48 Exchange symmetry and anyon virial coefficients This talk mentions some aspects of the theory of identical particles, for example, treating neutrons and protons as identical particles distinguished by a quantum number called isotopic spin. Jan Myrheim 11 Oct 2016
49 Exchange statistics - Basic concepts In this talk Jon Magne Leinaas from University of Oslo reviews some of the basic ideas and questions related to the exchange symmetry of identical particles. Jon Magne Leinaas 11 Oct 2016
50 Dark Matter(s) Discussion Celine Boehm, Rocky Kolb, and Justin Read discuss fine-tuning in dark matter models, how we judge astrophysical parameters to be fine-tuned, how we get evidence for dark matter, supersymmetry, and our prospects for finding the dark matter particle. Celine Boehm, Rocky Kolb, Justin Read 04 Oct 2016
51 The Level of Fine-Tuning it Takes to Make a Dark Matter Model Dr. Celine Boehm (Durham) discusses the possible dark matter particles and the constraints--theoretical and experimental--on their parameter space. Celine Boehm 04 Oct 2016
52 The Decade of the Wimp Dr. Rocky Kolb (Chicago) discusses the theoretical reasons to expect dark matter to be a Weakly Interacting Massive Particle (WIMP), and the prospects for finding one. Rocky Kolb 04 Oct 2016
53 Astrophysical Probes of Dark Matter Dr. Justin Read (Surrey) explains the astrophysical evidence for dark matter, and our prospects for getting more information about its nature and interaction by looking at nearby dwarf galaxies. Justin Read 04 Oct 2016
54 New Frontiers in Cosmology In the fourth part of their discussion, Joe Silk and John Peacock conjecture about future developments in cosmology. What part of cosmology is most likely to be fruitful? This discussion was conducted at Trinity College, Oxford, on May 12, 2016. John Peacock, Joe Silk 13 Jul 2016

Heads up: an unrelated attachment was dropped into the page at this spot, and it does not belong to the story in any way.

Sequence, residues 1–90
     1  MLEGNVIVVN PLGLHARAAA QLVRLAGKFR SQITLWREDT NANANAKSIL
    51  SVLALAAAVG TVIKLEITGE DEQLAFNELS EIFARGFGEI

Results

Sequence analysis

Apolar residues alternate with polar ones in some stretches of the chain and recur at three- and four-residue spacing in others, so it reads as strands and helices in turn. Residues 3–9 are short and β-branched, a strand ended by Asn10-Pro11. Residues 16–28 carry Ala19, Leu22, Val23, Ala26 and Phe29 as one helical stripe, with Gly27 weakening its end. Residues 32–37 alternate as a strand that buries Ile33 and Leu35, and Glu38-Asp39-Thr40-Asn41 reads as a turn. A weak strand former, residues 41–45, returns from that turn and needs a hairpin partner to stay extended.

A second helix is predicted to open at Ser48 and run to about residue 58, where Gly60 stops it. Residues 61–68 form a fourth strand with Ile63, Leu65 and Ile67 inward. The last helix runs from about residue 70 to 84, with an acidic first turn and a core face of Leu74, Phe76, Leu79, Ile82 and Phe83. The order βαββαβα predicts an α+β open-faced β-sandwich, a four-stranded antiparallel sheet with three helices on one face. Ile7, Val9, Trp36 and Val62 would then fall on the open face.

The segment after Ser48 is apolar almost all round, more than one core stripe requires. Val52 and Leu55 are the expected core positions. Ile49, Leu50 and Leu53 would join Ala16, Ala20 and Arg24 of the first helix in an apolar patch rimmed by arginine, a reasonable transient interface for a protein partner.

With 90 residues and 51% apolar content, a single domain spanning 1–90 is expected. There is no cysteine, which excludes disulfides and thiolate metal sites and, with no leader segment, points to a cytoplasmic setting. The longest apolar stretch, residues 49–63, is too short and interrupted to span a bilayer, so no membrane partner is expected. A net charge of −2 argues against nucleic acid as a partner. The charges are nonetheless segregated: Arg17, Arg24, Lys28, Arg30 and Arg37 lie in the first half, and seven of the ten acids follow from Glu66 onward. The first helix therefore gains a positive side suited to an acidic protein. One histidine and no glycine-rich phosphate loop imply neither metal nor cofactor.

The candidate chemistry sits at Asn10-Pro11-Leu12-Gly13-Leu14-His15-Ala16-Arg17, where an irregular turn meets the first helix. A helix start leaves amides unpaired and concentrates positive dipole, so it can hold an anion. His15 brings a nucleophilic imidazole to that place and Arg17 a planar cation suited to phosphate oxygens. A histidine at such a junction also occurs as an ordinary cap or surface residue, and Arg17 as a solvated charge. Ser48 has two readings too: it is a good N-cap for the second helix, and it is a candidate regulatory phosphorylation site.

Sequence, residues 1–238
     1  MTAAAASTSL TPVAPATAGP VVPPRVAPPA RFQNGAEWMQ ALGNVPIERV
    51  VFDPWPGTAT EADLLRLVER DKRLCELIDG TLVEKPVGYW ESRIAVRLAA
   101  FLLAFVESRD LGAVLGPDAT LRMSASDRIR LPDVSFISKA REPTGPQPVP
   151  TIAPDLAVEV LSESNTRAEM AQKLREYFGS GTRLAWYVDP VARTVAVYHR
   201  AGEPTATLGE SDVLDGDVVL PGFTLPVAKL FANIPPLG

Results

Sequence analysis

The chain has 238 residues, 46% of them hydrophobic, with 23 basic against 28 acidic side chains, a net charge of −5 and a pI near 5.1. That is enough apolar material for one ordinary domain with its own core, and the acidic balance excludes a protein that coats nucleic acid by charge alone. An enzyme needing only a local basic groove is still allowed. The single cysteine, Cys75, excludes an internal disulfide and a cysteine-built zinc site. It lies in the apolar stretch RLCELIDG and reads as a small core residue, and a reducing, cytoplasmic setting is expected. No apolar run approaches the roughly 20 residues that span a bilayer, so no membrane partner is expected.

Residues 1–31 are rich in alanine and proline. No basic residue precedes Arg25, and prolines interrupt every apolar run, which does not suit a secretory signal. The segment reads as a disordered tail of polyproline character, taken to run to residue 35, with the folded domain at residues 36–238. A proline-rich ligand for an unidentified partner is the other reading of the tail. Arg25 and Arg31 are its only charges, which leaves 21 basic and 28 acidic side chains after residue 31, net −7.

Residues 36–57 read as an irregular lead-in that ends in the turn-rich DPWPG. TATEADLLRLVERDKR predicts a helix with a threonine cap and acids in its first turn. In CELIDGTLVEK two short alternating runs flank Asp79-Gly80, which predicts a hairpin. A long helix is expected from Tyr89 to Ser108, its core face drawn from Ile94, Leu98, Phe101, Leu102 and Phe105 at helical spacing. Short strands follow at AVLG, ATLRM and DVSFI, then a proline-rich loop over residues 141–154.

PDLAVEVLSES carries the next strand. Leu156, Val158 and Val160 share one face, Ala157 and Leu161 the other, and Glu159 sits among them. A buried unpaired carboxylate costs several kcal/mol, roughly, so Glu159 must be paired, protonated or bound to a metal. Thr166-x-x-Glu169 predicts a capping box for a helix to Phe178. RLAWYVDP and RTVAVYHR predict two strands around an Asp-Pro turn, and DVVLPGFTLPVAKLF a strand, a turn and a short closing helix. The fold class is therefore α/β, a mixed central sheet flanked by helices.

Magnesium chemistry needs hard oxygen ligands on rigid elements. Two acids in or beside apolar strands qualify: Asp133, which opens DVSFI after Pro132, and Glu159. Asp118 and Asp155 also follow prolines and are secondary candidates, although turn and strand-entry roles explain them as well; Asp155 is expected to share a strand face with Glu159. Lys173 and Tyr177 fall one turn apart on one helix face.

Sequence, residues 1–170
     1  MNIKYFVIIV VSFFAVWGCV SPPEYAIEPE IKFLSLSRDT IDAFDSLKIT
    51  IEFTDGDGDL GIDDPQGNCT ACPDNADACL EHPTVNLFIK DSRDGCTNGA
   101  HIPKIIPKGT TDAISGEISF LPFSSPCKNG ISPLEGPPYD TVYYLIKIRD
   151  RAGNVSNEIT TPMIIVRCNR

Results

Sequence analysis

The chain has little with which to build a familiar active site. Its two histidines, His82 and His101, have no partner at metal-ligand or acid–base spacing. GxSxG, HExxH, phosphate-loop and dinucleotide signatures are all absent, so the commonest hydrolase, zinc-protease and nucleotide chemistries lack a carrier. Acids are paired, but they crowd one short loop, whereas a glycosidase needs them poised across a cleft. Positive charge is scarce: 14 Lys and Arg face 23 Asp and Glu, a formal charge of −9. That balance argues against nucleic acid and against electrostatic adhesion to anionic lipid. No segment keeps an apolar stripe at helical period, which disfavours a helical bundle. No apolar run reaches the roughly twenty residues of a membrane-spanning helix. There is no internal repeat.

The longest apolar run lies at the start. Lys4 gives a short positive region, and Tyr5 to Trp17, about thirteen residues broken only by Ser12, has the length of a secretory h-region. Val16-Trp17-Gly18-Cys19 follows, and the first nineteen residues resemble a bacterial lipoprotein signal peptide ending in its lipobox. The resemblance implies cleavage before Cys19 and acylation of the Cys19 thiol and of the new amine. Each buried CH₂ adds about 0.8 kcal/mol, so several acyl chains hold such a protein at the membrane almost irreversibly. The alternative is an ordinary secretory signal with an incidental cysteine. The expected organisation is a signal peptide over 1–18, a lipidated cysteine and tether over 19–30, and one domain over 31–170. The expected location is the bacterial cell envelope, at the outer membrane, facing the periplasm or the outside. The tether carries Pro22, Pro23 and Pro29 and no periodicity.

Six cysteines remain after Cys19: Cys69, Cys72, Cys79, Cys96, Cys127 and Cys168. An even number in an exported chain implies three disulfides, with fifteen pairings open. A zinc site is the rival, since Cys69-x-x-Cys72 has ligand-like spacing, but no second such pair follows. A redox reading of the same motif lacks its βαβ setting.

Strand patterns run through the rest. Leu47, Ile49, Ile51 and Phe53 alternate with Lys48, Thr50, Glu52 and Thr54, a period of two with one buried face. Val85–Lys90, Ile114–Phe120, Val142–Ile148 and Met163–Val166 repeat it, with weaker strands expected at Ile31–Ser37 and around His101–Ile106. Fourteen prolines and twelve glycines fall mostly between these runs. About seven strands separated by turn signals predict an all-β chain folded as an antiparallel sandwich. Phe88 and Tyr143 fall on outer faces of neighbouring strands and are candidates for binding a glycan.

55 Dark Energy and the Multiverse In the third part of their discussion, Joe Silk and John Peacock consider approaches to dark energy. Should we accept the multiverse, or wait for a theory of quantum gravity? John Peacock, Joe Silk 13 Jul 2016
56 New Data and New Work In the second part of their discussion, Joe Silk and John Peacock discuss possible future sources of data and developments in cosmology. They conjecture about the search for dark matter and its impact on astronomy. John Peacock, Joe Silk 13 Jul 2016
57 New Statistics and Prediction In the first part of their discussion, Joe Silk and John Peacock compare approaches to statistics and how these bear on predictions in cosmology, including Weinberg’s prediction of the cosmological constant. John Peacock, Joe Silk 13 Jul 2016
58 Practical Fine-Tuning In the fourth part of their discussion, Luke Barnes and David Sloan look for ways the fine-tuning problems can lead to advances in physics. Luke Barnes, David Sloan 13 Jul 2016
59 Comparing Theories In the third part of their discussion, Luke Barnes and David Sloan puzzle over the way we compare theories, and whether there can be a theory that doesn’t have some unexplained posits. Luke Barnes, David Sloan 13 Jul 2016